This doesn’t appear to cover the other kind of comment-moderation problem: that where overmoderation and attachment to poster identity leads to an environment of stifling conventionalism.

Photography communities in particular (e.g. flickr, instagram, 500px) are vulnerable to turning into circlejerks where no-one is willing to say what they mean for fear of appearing the negative nancy (no pun intended) and where high post-count contributors’ poorly-supported opinions become elevated above said views’ merits. In such communities the typical discussion is at the level of tepid platitude: “good exposure!”, “nice depth of field!”, or “cool HDR!”. On the other end of the scale there’s the imageboard style of community where anonymity is the norm, feedback is uncompromisingly harsh, and uselessly opaque criticism appears such on its face; unsuited to the overly sensitive but hideously valuable to the advancing novice.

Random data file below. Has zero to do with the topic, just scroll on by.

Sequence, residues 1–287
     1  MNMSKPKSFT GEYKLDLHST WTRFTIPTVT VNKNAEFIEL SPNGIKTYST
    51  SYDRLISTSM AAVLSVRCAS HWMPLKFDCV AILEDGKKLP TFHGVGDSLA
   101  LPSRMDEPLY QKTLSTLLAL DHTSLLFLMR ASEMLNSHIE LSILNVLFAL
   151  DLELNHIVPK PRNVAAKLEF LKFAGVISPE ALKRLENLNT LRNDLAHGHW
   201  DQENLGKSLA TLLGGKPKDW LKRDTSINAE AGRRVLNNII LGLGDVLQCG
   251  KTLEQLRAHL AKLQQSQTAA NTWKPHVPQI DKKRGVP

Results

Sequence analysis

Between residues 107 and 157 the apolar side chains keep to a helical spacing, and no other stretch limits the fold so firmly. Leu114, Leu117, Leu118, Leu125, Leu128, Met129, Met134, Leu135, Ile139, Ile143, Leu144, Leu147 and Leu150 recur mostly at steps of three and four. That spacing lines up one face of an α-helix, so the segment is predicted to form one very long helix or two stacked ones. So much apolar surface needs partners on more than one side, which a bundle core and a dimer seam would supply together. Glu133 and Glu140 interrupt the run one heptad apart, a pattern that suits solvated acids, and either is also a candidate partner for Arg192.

Ordinary web forums, with tools oriented towards a punitive “he said the n-word! delete his account and everything he’s posted! persona non grata, in damnatio memoriae!” school of moderation, strongly tend to the former.

ksandstr on LWN